December 10 marks Human Rights Day, commemorating the U.N.’s adoption of the Universal Declaration of Human Rights in 1948. Durable protection of human rights requires institutional frameworks and the rule of law. But with the rise of social media — together with cameras now standard in mobile devices — citizens are gaining tools to bring abuses of power to public attention and demand accountability.
Visual imagery has a long history of documenting conflict and influencing public opinion, from photos taken on U.S. Civil War battlefields to last month’s footage of rebel fighting in Syria. As access to consumer video equipment has increased, so has the opportunity for citizen journalists and bystanders to capture violations they witness: the grainy home-video of the Rodney King beating in 1991 may be the first of this genre, up through the multiple cellphone videos of the Oscar Grant shooting in 2009, and numerous accounts of clashes between protestors and police during the Occupy movement and campus demonstrations in fall 2011.
A number of organizations now provide training and tools for citizens to record confrontations with authorities safely and effectively. Copwatch, founded in Berkeley in 1990, trains volunteers to observe and record police action, and Video the Vote offers guidelines and a repository for footage of voter suppression or irregularities. A mobile app created by OpenWatch and recently released by the ACLU allows cellphone users to record interactions with police covertly and upload them anonymously. The human rights organization WITNESS provides video training, equipment, and support to grassroots advocacy groups internationally.
Most often, video is taken with the intention of supporting victims’ claims, but it is also being used by perpetrators to document their own violence against opposing factions and recruit followers. Footage of human rights violations by Syrian rebels last month complicates international support for their political goals against the Assad regime. (Other perpetrators’ self-coverage is inadvertent, as when a hapless burglar filmed his theft on an iPhone he intended to use only as a flashlight.)
Threatened by demands for accountability from camera-wielding citizens, governments are fighting back with legislation making it a crime to record police action. Spain is drafting the “Citizen Safety Law” that would criminalize photographing or filming police on duty, after October protests against austerity measures turned violent. In the United States, the right to videotape police has been challenged in various states but remains protected under the First Amendment, with decisions most recently in the First and Seventh Circuit courts.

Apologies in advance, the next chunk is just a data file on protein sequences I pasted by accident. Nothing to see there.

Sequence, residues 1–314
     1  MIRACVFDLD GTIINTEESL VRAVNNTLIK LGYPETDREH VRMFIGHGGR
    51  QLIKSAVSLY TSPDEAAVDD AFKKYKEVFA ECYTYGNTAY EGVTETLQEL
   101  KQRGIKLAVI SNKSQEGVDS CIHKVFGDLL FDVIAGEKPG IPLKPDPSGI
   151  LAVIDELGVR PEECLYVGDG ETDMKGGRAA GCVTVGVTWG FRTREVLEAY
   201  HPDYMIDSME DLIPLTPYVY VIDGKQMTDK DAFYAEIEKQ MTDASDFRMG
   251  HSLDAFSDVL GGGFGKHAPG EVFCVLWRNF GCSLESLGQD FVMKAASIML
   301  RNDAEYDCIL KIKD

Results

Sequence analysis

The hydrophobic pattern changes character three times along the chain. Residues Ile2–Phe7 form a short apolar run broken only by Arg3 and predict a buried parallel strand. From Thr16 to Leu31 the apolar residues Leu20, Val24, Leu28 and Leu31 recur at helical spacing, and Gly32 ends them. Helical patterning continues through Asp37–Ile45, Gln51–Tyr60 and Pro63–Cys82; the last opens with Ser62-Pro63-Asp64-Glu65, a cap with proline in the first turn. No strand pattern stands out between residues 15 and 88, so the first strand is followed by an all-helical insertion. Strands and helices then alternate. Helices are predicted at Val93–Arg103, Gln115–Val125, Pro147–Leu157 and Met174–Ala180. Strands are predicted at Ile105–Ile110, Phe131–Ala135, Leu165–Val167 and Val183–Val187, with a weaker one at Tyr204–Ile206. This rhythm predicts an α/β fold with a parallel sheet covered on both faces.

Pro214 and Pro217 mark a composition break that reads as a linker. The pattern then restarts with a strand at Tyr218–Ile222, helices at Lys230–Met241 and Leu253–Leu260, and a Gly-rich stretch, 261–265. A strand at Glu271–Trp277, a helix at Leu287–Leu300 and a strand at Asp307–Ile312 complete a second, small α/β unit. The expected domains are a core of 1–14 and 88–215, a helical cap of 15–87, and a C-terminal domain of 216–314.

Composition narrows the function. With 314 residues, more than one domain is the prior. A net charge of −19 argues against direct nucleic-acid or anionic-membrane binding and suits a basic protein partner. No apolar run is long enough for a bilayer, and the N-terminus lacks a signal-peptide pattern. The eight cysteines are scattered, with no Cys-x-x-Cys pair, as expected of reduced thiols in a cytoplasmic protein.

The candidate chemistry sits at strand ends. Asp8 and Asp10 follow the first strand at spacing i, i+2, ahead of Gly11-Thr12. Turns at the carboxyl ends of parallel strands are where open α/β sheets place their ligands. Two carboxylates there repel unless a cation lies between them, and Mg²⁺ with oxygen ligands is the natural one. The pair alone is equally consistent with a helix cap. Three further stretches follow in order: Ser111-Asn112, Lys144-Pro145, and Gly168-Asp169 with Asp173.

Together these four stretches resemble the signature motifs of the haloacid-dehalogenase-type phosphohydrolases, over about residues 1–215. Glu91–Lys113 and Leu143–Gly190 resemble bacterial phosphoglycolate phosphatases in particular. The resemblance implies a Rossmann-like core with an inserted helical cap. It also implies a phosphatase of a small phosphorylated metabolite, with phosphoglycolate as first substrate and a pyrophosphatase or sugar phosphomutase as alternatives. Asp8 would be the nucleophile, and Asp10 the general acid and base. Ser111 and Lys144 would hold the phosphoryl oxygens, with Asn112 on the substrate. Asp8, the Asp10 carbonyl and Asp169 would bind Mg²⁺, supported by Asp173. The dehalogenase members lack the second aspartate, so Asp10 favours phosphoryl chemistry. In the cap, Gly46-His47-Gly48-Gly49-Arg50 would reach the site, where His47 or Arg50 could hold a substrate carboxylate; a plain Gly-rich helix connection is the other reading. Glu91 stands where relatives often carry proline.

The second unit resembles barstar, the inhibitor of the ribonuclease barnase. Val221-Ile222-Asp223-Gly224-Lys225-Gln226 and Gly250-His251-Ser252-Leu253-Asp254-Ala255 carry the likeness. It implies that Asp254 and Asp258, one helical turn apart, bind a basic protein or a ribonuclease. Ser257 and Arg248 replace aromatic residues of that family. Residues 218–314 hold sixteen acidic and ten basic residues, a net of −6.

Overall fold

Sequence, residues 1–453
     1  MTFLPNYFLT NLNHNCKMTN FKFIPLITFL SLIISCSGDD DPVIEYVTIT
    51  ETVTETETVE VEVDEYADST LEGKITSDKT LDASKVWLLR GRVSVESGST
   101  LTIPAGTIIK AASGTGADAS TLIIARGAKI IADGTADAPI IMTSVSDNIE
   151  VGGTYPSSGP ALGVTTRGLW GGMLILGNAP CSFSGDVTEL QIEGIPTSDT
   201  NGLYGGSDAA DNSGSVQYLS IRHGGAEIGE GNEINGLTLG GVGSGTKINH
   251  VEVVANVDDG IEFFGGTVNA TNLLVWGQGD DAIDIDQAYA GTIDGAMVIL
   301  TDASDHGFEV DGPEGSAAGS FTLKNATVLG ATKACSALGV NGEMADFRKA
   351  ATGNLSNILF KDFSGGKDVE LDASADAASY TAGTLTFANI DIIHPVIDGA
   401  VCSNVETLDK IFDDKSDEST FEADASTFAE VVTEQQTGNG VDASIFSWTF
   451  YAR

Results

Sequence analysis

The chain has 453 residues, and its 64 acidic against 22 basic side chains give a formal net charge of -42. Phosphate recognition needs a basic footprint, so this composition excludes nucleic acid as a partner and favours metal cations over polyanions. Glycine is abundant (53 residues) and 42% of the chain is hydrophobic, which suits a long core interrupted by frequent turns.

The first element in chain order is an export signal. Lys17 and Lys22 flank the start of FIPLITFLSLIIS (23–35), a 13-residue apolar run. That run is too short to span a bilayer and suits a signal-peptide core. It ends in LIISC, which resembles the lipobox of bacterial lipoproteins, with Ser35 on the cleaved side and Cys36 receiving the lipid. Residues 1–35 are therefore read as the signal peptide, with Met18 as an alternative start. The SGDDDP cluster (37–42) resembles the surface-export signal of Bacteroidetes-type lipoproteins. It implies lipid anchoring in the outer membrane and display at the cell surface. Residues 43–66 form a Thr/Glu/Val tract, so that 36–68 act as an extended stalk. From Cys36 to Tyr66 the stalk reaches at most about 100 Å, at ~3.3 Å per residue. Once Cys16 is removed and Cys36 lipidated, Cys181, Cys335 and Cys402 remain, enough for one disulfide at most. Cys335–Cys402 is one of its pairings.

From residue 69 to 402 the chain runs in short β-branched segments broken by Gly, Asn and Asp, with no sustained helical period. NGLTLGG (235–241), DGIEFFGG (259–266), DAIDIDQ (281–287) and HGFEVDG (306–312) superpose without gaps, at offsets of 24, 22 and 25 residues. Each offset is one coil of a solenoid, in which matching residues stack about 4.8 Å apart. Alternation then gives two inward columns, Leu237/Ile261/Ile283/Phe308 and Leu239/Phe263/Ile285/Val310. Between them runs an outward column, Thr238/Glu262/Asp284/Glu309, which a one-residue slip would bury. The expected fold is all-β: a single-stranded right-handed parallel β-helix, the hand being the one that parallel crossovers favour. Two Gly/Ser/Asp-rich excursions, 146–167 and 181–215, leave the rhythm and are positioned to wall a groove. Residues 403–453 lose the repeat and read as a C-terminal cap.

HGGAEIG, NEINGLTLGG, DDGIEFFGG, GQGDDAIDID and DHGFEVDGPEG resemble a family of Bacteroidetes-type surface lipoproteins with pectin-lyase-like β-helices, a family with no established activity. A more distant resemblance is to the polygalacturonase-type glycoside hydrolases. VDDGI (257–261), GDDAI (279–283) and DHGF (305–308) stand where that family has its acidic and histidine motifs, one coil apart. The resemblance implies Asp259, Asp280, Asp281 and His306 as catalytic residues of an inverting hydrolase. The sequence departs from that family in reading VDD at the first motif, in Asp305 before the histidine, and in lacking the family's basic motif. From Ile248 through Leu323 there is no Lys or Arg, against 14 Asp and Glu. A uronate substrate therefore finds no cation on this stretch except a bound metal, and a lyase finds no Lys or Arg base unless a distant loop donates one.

This raises the question, what impact does video have? Its use as evidence is still being tested in domestic and international courts, where forensic technology must address concerns regarding potential tampering and chain-of-custody issues. Whether the footage is ultimately used as evidence, it already plays a role to encourage prosecutors or commissions to investigate alleged crimes and to influence out-of-court settlements. Video can also help exonerate those charged without cause, as was the case when an Occupy Wall Street protestor was wrongly accused. Footage clearly showed he was obeying police instructions, and he was acquitted of the charges. Equally important, video can inform public opinion about contested events; a search on YouTube for “UC Davis pepper spray,” regarding the incident last fall, yields more than 1,000 results, and one clip attracted 2.5 million views.
Technology tools now being developed can increase the effectiveness of collective visual documentation. The Rashomon Project here at CITRIS is developing an online toolkit to synchronize and align multiple video accounts of a single event. It uses YouTube’s face-blurring technology to protect the identities of the activists, a measure especially important in contexts where participation in political demonstrations could result in persecution or death. Complementary tools are being developed by WITNESS and the Guardian Project, whose Informacam and Obscuracam apps will help verify the source of footage and protect the activists shooting it. WITNESS is also curating a human rights channel on YouTube, featuring video that raises awareness of international issues.
Although the signers of the Universal Declaration of Human Rights may not have foreseen the sweeping changes that technology would bring over the next 64 years, they would have welcomed the increased personal agency that technology would ultimately afford to safeguard those rights.
Cross-posted from the Huffington Post.